A federal court ordered the brand Balance of Nature to stop producing and selling its dietary supplement products this week, after the Food and Drug Administration accused the two Utah-based companies behind it of repeatedly breaking the law in how they made and marketed their supplements.
The FDA says the company marketing Balance of Nature, Evig LLC, and its CEO Lex Howard had flouted years of federal warnings about overstepping limits in what they could claim about diseases their supplements could cure or prevent.
Meanwhile, those responsible for manufacturing the supplements, Premium Productions LLC and its CEO Ryan Petersen, were accused of not doing enough to ensure their products actually contained the ingredients they claimed to.
“We previously warned Evig LLC and Premium Production LLC, but they have demonstrated repeated violations of manufacturing requirements, and the public cannot have confidence that their products are what they purport to be,” Michael Rogers, FDA’s acting associate commissioner for regulatory affairs, said in a release Thursday.
Balance of Nature will now need to hire outside experts to audit the companies, ensuring their marketing and manufacturing issues are fixed, before resuming sales of the supplements.
Evig and Premium Production are not challenging the orders. Both companies agreed to resolve FDA lawsuits filed last month with these “consent decree” orders, avoiding trials.
Balance of Nature and an attorney for the brand did not immediately respond to a request for comment.
Around 85% of Balance of Nature sales are to customers outside its home state of Utah, the FDA said, ranging from Pennsylvania to California. The brand has previously drawn scrutiny over claims in its advertising across talk radio, television and social media.
In a court filing, FDA and Justice Department lawyers had accused Evig of making dozens of unsupported claims about Balance of Nature’s benefits despite repeated warnings from authorities.
These included several statements on the company’s website, like one saying that a Russian study had found “health benefits” of its supplements on cancer and cirrhosis.
A video, now taken down by the company, featured someone claiming that “for myself, the two years I’ve been on it, I don’t even think I’ve had a cold, never mind the flu,” the agency said.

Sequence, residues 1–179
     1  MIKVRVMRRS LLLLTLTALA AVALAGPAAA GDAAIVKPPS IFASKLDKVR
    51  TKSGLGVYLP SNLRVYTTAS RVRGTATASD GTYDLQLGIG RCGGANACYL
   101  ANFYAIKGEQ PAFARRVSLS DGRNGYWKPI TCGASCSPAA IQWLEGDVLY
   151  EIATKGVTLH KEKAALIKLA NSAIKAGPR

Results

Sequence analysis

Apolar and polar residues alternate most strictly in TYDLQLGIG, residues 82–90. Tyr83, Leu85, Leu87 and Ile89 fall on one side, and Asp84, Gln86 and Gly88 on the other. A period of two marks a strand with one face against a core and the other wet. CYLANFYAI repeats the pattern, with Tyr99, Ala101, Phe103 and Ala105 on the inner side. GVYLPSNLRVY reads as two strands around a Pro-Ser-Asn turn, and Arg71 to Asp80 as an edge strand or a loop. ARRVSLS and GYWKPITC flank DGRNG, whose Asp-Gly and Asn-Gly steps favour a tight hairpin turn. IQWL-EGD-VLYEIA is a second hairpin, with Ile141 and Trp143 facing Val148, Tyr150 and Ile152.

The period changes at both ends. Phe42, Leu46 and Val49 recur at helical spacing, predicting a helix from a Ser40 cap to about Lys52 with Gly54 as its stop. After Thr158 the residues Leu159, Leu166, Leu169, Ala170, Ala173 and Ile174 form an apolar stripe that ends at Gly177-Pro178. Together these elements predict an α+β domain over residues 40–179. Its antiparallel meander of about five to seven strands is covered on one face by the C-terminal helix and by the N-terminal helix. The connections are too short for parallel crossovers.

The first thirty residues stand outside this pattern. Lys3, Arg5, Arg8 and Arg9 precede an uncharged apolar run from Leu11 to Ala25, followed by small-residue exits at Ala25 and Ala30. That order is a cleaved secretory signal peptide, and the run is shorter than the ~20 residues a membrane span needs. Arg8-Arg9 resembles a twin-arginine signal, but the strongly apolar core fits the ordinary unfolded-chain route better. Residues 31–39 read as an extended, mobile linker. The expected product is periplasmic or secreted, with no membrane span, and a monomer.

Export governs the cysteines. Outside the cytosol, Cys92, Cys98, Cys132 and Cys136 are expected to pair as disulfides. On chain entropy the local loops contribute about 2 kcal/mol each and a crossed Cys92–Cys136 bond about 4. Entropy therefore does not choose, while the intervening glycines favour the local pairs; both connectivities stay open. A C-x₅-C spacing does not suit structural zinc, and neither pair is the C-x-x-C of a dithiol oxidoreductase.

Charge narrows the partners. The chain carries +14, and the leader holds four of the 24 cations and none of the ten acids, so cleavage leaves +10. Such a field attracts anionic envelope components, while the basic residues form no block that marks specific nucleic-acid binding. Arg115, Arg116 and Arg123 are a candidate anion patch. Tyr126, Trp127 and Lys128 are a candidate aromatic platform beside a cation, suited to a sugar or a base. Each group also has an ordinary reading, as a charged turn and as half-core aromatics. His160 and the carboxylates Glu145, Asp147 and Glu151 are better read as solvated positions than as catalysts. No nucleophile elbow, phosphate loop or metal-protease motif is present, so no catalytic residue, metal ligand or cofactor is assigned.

Beyond its marketing, the FDA says the company had fallen short of pledges to step up its procedures for investigating complaints about issues with the quality of its products.
“To date, Evig has not demonstrated that it has conducted any complaint investigations,” the FDA’s attorneys wrote.
A separate court filing against Premium Productions faulted the supplement manufacturer for not doing enough to ensure that the ingredients it was using in its supplements were actually what they claimed to be.
Federal regulations require supplement manufacturers to draw up procedures to analyze and test ingredients from their suppliers to verify that they are what they claim to be.
Around 95% of the raw materials used in Balance of Nature supplements come from outside Utah, the FDA says, from suppliers in Illinois, Wisconsin, California and India.
“Following the inspection, Defendant Premium informed FDA that it uses organoleptic characteristics, i.e., smell, as the specification to identify the powdered ingredients that comprise the three Balance of Nature products,” the FDA’s complaint says.
The court order marks the latest legal setback for Balance of Nature, which also faced a lawsuit over the summer by local prosecutors in California.
Evig, the Utah-based company which markets Balance of Nature, had been accused of making false claims about its products in “extensive radio, television, and internet advertising” across the state.
Prosecutors also accused the firm of violating state law requiring companies to warn customers before enrolling them into automatically renewing subscriptions and provide them with ways to cancel the recurring fees online.
Evigfor $1 million in July.
Balance of Nature has also drawn scrutiny for years from outside groups.
The nonprofit Truth in Advertising filed complaints in 2020 against Balance of Nature with the FTC and FDA, citing claims made across a number of talk radio shows including “The Joe Piscopo Show,” “Kevin McCullough Radio” and “America First with Sebastian Gorka” episodes.
In 2017, the Council of Better Business Bureaus challenged multiple advertising claims made about the health benefits of the products.
FDA’s attorneys said they had little choice but to seek the new orders against the companies, after Balance of Nature had failed to address years of warnings that they had run afoul of the Federal Food, Drug and Cosmetic Act.
“Defendants have a long history of failing to comply with the Act. FDA has documented a pattern of continued violative conduct during multiple inspections of Defendants’ Establishment and have repeatedly warned Defendants that such conduct could lead to enforcement action,” they wrote.